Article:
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NIH Promotes Cancer Research on Cannabis

We’ve always known that there are medical benefits to using our favorite green herb. Still, the FDA has only approved it for medicinal use in select cases – predominantly epilepsy. The National Institute of Health (NIH), however, has recently expressed interest in funding holistic research of cannabis and its effects on cancer or cancer patients.

What Is The Connection Between Cannabis And Cancer?

Cannabis has been used by many for decades as a herbal remedy for many medical conditions. Recently, the National Institute of Health has taken an interest in research surrounding the relationship between marijuana and cancer. While it is a known fact that the smoking of marijuana can be harmful, there is no immediate connection to its contribution to lung cancer like there is with smoking nicotine and tobacco. The NIH says that there is insufficient research information available, and the gap needs to be breached to provide valuable research information.

The reason the NIH’s National Cancer Institute has expressed interest in improving research efforts is that about one out of every four cancer patients has reported using cannabis products to manage their symptoms – including anorexia, nausea, and pain. Research, however, is currently limited.

How THC And CBD Can Help Combat Medical Symptoms

Tetrahydrocannabinol, most commonly known as THC, provides a high and helps combat pain and nausea while reducing inflammation. Cannabidiol, known as CBD, helps ease anxiety and paranoia and is actually used to treat seizures currently, as it also has anti-inflammatory properties.

We don’t fully know how cannabinoids affect our endocannabinoid system, nor do we fully understand the cannabis plant. There are over 100 unique cannabinoids in the cannabis plant, and they may have a variety of different effects. The compounds of cannabis have, in some studies, shown to have “many cancer-relevant processes, such as cell proliferation, motility, and survival,” according to a notice released by the NIH.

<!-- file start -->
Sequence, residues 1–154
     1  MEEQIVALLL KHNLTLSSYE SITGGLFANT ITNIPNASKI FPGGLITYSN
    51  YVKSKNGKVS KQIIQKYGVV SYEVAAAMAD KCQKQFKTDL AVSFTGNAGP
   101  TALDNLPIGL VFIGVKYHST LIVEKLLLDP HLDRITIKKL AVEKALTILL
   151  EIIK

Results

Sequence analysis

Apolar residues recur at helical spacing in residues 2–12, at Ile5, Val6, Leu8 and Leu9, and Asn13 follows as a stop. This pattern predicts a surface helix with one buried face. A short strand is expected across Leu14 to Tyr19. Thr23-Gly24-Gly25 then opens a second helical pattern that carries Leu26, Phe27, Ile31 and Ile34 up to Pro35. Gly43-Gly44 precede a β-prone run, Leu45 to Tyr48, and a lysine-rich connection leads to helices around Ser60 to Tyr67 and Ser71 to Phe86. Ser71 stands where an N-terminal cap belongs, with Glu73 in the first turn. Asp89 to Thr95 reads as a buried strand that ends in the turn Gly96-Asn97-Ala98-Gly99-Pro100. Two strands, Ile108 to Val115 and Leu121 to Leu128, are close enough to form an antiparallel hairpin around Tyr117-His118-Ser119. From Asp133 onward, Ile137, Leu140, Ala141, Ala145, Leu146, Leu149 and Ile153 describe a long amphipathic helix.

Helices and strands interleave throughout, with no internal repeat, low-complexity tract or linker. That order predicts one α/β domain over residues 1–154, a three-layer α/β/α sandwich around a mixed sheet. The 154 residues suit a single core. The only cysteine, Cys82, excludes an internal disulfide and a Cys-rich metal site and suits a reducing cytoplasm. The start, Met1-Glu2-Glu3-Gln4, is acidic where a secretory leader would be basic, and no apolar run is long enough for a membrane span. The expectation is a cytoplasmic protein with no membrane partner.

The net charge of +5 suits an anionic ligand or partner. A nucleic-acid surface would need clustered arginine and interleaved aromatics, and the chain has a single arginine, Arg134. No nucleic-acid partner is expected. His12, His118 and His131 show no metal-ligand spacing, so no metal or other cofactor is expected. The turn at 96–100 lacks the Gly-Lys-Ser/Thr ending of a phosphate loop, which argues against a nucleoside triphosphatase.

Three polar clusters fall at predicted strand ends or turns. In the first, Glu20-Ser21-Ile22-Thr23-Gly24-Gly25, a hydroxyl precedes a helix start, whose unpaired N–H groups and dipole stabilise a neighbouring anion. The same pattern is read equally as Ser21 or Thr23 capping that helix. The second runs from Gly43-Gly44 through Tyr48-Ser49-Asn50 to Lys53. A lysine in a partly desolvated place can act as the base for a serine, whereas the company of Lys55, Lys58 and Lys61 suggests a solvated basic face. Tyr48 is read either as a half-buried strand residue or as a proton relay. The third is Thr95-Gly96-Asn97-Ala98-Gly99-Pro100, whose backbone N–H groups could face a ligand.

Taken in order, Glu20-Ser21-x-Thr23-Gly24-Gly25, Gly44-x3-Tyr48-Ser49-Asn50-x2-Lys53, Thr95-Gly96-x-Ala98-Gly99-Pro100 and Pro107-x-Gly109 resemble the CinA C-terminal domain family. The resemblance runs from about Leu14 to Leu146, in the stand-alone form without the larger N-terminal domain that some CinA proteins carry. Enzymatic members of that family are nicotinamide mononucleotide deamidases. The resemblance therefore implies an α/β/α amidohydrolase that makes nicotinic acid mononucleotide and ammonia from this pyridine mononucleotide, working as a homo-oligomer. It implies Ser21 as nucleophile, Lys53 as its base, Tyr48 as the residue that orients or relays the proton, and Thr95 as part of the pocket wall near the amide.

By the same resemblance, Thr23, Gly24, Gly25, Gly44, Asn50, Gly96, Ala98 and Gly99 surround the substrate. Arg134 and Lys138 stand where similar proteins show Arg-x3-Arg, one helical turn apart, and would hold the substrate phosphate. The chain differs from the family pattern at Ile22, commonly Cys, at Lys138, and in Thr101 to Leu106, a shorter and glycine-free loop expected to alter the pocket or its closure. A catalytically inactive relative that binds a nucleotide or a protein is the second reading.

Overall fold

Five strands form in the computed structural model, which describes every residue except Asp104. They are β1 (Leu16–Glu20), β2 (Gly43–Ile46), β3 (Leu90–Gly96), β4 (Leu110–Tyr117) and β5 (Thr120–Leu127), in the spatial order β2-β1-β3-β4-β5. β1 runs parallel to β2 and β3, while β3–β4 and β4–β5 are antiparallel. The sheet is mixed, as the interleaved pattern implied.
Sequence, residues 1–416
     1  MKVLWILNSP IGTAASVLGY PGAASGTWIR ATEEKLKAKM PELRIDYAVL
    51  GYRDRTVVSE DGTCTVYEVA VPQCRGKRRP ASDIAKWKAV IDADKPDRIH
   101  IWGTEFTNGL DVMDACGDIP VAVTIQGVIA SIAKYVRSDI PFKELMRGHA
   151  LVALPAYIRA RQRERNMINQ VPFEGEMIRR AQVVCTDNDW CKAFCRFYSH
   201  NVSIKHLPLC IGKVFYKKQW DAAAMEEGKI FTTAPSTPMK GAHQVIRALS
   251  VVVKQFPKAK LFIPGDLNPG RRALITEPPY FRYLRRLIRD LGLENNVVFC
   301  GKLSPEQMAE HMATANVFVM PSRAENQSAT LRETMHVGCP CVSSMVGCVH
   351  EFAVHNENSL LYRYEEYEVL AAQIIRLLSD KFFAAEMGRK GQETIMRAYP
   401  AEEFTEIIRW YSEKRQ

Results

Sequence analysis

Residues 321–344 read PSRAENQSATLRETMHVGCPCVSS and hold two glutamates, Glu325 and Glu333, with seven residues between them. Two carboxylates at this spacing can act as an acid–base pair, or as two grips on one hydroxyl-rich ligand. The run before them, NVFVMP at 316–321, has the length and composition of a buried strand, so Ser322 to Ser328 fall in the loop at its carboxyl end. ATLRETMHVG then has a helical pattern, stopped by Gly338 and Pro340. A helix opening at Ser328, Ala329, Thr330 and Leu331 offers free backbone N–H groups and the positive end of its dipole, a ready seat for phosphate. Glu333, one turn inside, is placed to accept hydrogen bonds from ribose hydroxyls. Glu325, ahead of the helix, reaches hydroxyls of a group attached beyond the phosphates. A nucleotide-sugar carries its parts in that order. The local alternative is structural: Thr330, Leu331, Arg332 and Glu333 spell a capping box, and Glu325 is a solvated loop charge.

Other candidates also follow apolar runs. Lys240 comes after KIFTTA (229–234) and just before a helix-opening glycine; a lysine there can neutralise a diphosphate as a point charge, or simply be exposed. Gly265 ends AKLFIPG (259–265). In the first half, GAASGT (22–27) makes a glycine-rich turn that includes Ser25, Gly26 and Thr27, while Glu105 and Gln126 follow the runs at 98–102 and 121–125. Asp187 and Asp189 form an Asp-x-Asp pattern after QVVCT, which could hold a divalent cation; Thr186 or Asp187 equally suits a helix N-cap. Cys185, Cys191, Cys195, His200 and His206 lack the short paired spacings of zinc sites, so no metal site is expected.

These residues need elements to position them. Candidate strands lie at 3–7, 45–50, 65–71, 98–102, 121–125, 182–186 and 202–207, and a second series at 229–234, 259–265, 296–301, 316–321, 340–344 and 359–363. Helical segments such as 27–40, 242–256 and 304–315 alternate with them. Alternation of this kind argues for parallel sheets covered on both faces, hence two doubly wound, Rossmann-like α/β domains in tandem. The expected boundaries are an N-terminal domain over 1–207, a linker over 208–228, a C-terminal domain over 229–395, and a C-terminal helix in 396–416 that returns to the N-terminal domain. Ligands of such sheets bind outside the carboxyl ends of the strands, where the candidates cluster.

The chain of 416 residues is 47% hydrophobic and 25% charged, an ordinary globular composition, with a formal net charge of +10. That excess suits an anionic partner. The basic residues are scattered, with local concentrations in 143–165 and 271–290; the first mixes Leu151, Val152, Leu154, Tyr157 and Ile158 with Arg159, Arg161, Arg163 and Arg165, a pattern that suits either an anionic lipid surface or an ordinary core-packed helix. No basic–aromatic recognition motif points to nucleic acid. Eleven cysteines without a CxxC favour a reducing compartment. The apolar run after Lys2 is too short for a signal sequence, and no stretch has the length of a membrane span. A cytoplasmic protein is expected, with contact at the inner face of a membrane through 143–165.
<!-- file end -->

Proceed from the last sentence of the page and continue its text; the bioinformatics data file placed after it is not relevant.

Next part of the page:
“Cancer cell line experiments show that THC and CBD can mediate many anti-tumor effects, including inducing apoptosis and inhibiting cell proliferation, invasion, and angiogenesis,” it continues. “These anti-tumor activities have led to early clinical testing of THC and CBD for glioblastoma and prostate cancers.”

The NIH does not make any claims regarding the validity of these past studies, but it has released information on the topics they are seeking to study.

The State Of Research

Multiple studies have shown how patients in clinical trials who have had marijuana need less pain medication. Scientists have discovered through clinical trials that THC and CBD can slow down the growth of certain types of cancers grown in laboratories as well.

Recent studies on human subjects have shown that clinical trials with THC and CBD are safe to treat cancer, but there is no clear understanding of how they help. This, alongside burdensome administrative roadblocks, are the largest preventative factors barring cannabis research from succeeding. Each clinical trial patient has a different reaction based on the amount of marijuana inhaled or ingested. Therefore, the steps taken and the information recorded during the research process are crucial.

The NIH is seeking not only to understand how cannabis and cannabinoids affect cancer development but to define the mechanism of cannabis and cannabinoid action that acts to alleviate symptoms of cancer or treatment. They also seek to develop a new, human-relevant system to understanding cannabinoids and create an improved understanding of how endocannabinoid signaling pathways could potentially prevent certain cancers from growing.

These projects are just guidelines, though, and the NIH is open to studying more or different topics in their quest for research. For more details on the funded research projects, visit this Marijuana Moment.

 


 

We are certainly excited about more research opportunities in cannabis. Marijuana has been touted as a medical miracle worker for decades now, and we think it’s high time science caught up.

Enjoyed that first hit? Come chill with us every week at the Friday Sesh for a freshly packed bowl of the week’s best cannabis news!

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